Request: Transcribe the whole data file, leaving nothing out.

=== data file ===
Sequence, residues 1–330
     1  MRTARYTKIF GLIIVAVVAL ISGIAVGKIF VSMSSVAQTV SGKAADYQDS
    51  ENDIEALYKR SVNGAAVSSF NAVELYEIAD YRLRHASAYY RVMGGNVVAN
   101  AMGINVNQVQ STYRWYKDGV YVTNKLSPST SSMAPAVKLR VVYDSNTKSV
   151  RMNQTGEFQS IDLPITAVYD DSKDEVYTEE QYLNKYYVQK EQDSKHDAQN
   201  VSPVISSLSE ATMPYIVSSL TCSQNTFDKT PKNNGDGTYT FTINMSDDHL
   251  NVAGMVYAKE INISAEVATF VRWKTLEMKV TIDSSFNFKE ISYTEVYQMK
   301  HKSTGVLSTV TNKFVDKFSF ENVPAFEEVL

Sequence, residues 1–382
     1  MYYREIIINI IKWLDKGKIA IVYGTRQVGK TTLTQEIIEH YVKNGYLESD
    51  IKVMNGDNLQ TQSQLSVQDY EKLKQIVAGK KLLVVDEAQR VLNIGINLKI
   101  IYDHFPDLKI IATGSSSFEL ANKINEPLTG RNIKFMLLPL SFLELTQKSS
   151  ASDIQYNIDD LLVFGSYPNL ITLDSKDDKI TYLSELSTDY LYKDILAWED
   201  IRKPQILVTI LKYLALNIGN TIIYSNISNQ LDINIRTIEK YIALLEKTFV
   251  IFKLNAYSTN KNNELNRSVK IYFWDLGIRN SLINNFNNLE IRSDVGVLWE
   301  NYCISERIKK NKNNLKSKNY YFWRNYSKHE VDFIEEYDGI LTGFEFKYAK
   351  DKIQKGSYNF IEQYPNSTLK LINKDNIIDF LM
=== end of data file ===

Sequence, residues 1–330
     1  MRTARYTKIF GLIIVAVVAL ISGIAVGKIF VSMSSVAQTV SGKAADYQDS
    51  ENDIEALYKR SVNGAAVSSF NAVELYEIAD YRLRHASAYY RVMGGNVVAN
   101  AMGINVNQVQ STYRWYKDGV YVTNKLSPST SSMAPAVKLR VVYDSNTKSV
   151  RMNQTGEFQS IDLPITAVYD DSKDEVYTEE QYLNKYYVQK EQDSKHDAQN
   201  VSPVISSLSE ATMPYIVSSL TCSQNTFDKT PKNNGDGTYT FTINMSDDHL
   251  NVAGMVYAKE INISAEVATF VRWKTLEMKV TIDSSFNFKE ISYTEVYQMK
   301  HKSTGVLSTV TNKFVDKFSF ENVPAFEEVL

Sequence, residues 1–382
     1  MYYREIIINI IKWLDKGKIA IVYGTRQVGK TTLTQEIIEH YVKNGYLESD
    51  IKVMNGDNLQ TQSQLSVQDY EKLKQIVAGK KLLVVDEAQR VLNIGINLKI
   101  IYDHFPDLKI IATGSSSFEL ANKINEPLTG RNIKFMLLPL SFLELTQKSS
   151  ASDIQYNIDD LLVFGSYPNL ITLDSKDDKI TYLSELSTDY LYKDILAWED
   201  IRKPQILVTI LKYLALNIGN TIIYSNISNQ LDINIRTIEK YIALLEKTFV
   251  IFKLNAYSTN KNNELNRSVK IYFWDLGIRN SLINNFNNLE IRSDVGVLWE
   301  NYCISERIKK NKNNLKSKNY YFWRNYSKHE VDFIEEYDGI LTGFEFKYAK
   351  DKIQKGSYNF IEQYPNSTLK LINKDNIIDF LM